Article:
More than 17,500 chain stores disappeared from high streets, shopping centres and retail parks across Great Britain last year as the Covid-19 pandemic spurred the worst decline on record.

An average of 48 shops, restaurants and other leisure and hospitality venues permanently closed every day across England, Wales and Scotland, and only 21 opened, according to the figures compiled by the Local Data Company, a research provider, for the accountancy firm PwC.

With non-essential shops forced to close during lockdown and a boom in online shopping, as many as 17,532 outlets closed their doors for the last time in 2020. Only 7,655 chain stores were opened. The resulting net closure of 9,877 stores was almost a third higher than in 2019, according to research from almost 3,500 locations, which excludes independent retail outlets and other venues.

The stark figures comes before the true impact of the pandemic on Great Britain’s high streets becomes apparent. Many outlets included in the research were temporarily closed during lockdowns and were not counted as shut but may never reopen after restrictions are relaxed this spring.

Non-essential retail is expected to reopen on 12 April in England and Wales and 26 April in Scotland but high streets may look very different after months of temporary closures enforced to prevent the spread of the virus.

The enforced cut-off in store sales has accelerated changes already under way on the high street amid rising costs, a switch to spending on technology and digital services rather than clothing, and a shift to online shopping.

Towns and cities around the country are braced for the permanent closure of major stores, including the entire Debenhams chain and more John Lewis outlets, after eight permanently closed last year, as well as shops such as Topshop and Dorothy Perkins after the collapse of Sir Philip Green’s Arcadia Group.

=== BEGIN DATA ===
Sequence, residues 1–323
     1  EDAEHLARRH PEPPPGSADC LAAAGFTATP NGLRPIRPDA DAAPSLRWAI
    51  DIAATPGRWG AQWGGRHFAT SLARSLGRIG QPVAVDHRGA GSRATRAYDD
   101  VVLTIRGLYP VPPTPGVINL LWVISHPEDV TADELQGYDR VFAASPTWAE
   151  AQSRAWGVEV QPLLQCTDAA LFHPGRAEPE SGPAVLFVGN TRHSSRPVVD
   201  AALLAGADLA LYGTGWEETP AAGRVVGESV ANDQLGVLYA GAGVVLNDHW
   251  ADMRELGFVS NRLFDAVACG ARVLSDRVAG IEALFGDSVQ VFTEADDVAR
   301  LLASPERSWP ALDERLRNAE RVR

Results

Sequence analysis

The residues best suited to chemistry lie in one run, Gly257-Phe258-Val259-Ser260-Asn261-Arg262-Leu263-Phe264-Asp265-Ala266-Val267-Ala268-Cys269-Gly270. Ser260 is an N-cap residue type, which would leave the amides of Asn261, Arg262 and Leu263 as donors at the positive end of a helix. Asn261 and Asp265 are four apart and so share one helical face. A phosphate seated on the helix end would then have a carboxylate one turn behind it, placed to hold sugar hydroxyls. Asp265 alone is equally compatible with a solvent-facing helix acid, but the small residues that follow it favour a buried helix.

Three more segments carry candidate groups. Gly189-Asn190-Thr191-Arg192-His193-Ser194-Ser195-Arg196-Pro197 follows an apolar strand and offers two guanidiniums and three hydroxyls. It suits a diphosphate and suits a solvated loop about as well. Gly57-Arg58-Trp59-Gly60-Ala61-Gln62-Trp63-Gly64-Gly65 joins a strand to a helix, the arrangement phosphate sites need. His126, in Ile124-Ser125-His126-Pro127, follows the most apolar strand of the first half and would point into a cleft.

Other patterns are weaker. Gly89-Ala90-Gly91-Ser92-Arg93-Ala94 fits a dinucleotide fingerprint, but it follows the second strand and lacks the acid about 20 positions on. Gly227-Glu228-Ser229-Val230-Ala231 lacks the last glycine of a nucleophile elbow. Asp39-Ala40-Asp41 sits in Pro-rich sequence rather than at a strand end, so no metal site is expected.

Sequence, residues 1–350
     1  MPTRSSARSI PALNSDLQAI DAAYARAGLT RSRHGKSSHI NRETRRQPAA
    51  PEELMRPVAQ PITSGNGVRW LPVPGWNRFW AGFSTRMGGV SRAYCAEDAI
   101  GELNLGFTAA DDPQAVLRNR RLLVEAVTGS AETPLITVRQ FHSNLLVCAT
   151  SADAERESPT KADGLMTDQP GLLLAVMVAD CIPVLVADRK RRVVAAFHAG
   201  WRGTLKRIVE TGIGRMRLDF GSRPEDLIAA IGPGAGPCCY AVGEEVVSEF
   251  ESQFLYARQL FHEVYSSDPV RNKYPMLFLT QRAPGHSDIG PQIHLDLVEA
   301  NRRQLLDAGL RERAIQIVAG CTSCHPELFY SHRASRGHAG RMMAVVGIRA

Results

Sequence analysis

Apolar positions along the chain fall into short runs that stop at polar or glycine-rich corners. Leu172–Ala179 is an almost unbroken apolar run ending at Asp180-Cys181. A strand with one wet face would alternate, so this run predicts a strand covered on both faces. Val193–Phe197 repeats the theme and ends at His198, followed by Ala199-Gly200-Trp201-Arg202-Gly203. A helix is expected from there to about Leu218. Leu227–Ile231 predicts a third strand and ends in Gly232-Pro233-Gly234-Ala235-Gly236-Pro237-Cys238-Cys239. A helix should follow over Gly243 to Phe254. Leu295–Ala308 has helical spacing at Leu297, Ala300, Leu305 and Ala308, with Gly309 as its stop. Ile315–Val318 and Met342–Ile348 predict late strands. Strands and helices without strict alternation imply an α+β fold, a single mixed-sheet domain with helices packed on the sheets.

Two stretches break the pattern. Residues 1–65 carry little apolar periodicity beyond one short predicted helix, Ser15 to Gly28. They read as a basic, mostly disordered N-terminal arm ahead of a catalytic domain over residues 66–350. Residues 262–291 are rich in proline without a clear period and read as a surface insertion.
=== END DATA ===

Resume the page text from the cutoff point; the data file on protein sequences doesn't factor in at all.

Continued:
Lisa Hooker, the head of consumer markets at PwC, said: “The full extent will be revealed in the coming months as many of the [company restructures] and administrations in the early part of 2021 still haven’t been captured, including department stores, fashion retailers and hospitality operators that will leave big holes in city centre locations.”

PwC said it had identified 29 major restructuring plans by retailers, hospitality leisure and other consumer-based companies in the second half of 2020 and it expected more to come.

Fashion retailers were the hardest hit last year, with more than 1,100 disappearing, as names such as Laura Ashley, Warehouse, Oasis and Jaeger exited the high street. Only some Debenhams stores are included in the numbers, and the permanent closure of dozens more as well as Arcadia Group’s brands, including Topshop, Dorothy Perkins and Burton, will be a further blow to town centres this year.

Betting shops, pubs and bars and restaurants were also hard hit, as Burger King, Pizza Express and Pizza Hut all announced some closures last year.

The fastest-growing chains included supermarkets, 88 of which opened, followed by coffee shops, takeaways and patisseries – all groups that had more freedom to trade during the pandemic and benefited from the closure of hospitality venues, as they were mainly classed as “essential”.

Shopping centres were affected more than retail parks, helped by easy access via car parks and more spacious stores – seen as important during the pandemic because of the need for physical distancing.

The biggest rise in vacancies was recorded in Greater London, up 6% from a year ago, amid a more dramatic shift to working from home and lower levels of tourism and day trips than elsewhere, while the east of England fared better than other regions.

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The centres of other major cities, including Birmingham, Bristol, Leeds and Newcastle, experienced a decline in the number of chain stores of almost 8%.

In contrast, small towns and suburbs, such as Orpington, Welwyn Garden City, Scarborough, Llandudno and Eastbourne – which have long been in decline at the expense of cities – are enjoying a mini renaissance.

Lucy Stainton, the head of retail at LDC, said the closures told the story of “changing consumer preferences and shifting demand”.

She said: “On the whole, flagship city centre high streets and shopping centres saw a greater decline in chain stores versus more local markets and retail parks, which proved to be more convenient and perceptibly safer. With this in mind, we absolutely believe that after the short-term shakeout, there will be huge opportunity for acquisitive brands who are either looking to launch in different types of locations with new concepts or take advantage of newly available space in their core markets.”



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